Created in 2010, the U.S. Department of the Treasury’s Hardest Hit Fund (HHF) provides $7.6 billion to the 18 states, plus the District of Columbia, hardest hit by the foreclosure crisis. States have through 2017 to use these funds to develop locally-tailored programs to assist struggling homeowners in their communities. DHHF programs are designed and administered by each state’s Housing Finance Agency (HFA), and most HHF programs focus on helping unemployed homeowners avoid foreclosure while searching for employment. Michigan used HHF funds to create the Unemployment Mortgage Subsidy Program, which provides mortgage payment assistance to unemployed homeowners; the Morgan Loan Rescue Program and the Modification Plan Program, which enable homeowners delinquent on their mortgages to receive financial assistance and help modifying the terms of their existing mortgages; and the Principal Curtailment Program, which assists struggling homeowners in paying down their mortgage principals. See state-by-state utilization of HHF funds.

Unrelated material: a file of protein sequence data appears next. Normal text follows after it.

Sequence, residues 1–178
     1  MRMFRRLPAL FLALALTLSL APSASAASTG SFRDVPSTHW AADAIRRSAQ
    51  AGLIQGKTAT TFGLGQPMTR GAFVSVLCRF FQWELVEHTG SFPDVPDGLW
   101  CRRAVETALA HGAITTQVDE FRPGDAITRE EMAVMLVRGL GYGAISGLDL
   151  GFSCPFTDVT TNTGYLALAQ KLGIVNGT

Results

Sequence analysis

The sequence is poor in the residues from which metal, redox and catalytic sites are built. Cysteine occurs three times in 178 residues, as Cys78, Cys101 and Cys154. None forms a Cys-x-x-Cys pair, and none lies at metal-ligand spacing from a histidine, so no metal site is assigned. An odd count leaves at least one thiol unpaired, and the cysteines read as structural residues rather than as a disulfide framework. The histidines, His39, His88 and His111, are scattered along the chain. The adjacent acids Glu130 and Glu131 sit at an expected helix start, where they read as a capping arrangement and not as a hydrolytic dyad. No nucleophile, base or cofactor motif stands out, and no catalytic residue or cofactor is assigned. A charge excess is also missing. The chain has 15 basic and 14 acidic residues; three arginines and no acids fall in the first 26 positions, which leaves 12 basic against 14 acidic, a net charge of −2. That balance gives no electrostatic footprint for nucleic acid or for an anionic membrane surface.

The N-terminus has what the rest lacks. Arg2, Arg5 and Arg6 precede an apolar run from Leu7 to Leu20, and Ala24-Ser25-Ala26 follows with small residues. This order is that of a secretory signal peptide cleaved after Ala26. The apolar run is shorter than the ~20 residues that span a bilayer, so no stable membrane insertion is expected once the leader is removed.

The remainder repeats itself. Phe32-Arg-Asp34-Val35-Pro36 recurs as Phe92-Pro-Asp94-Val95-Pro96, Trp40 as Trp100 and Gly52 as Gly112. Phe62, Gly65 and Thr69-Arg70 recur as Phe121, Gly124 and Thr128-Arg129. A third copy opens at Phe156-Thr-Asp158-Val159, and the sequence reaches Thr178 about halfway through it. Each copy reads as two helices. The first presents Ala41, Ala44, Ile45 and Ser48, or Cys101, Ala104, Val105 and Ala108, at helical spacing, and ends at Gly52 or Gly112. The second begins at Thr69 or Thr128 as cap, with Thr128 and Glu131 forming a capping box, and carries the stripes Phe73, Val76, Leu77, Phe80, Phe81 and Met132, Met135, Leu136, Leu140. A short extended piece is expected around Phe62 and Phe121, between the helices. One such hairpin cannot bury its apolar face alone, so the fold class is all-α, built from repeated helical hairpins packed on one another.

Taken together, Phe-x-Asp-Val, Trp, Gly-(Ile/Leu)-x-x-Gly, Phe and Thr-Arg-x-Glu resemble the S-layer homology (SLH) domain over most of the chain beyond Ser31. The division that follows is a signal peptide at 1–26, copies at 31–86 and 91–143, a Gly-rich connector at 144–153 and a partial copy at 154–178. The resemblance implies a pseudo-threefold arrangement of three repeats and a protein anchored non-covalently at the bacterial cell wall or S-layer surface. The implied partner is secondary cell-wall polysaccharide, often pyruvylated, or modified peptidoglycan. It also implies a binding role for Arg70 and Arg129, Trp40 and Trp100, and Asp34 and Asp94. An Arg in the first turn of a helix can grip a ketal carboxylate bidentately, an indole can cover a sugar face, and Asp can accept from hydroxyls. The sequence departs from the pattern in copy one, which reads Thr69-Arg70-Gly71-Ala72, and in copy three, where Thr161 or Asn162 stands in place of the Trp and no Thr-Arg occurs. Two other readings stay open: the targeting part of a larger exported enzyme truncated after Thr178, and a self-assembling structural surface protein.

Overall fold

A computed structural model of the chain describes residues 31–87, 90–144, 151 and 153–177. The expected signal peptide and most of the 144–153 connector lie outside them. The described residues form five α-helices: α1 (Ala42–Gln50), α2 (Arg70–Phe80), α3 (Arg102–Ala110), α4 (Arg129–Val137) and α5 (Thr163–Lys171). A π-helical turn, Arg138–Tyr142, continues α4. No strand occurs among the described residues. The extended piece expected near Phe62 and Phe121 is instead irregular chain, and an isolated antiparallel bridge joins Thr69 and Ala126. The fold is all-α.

The Neighborhood Stabilization Program (NSP), a component of the Community Development Block Grant (CCBG), was established to stabilize communities and benefit low- and moderate-income families through the purchase and redevelopment of abandoned homes. NSP1, the NSP funds authorized under Housing and Economic Recovery Act (HERA) of 2008, provides grants to all states and selected local governments on a formula basis. NSP2, the NSP funds authorized under the American Recovery and Reinvestment Act of 2009, provides grants to states, local governments, nonprofits and a consortium of nonprofit entities on a competitive basis. NSP3, authorized under the Dodd–Frank Wall Street Reform and Consumer Protection Act (Dodd-Frank Act) of 2010, provides a third round of neighborhood stabilization grants to all states and select governments on a formula basis. NSP grantees develop their own programs and funding priorities but must use at least 25 percent of their NSP funds to purchase and redevelop homes that will house low-income families. Funds can be used for the purchase and rehabilitation of foreclosed and abandoned homes, establishing financing mechanisms for these activities, or establishing land banks for foreclosed homes. Using NSP1, NSP2, and NSP3 grants, Oregon Housing and Community Services funded a partnership between Housing Works and the cities of Redmond and La Pine. With NSP1 funds, Housing Works purchased five-bank owned homes, repaired them and made energy-efficient upgrades, and sold them to qualifying low-income buyers, using NSP3 funds to provide down payment assistance.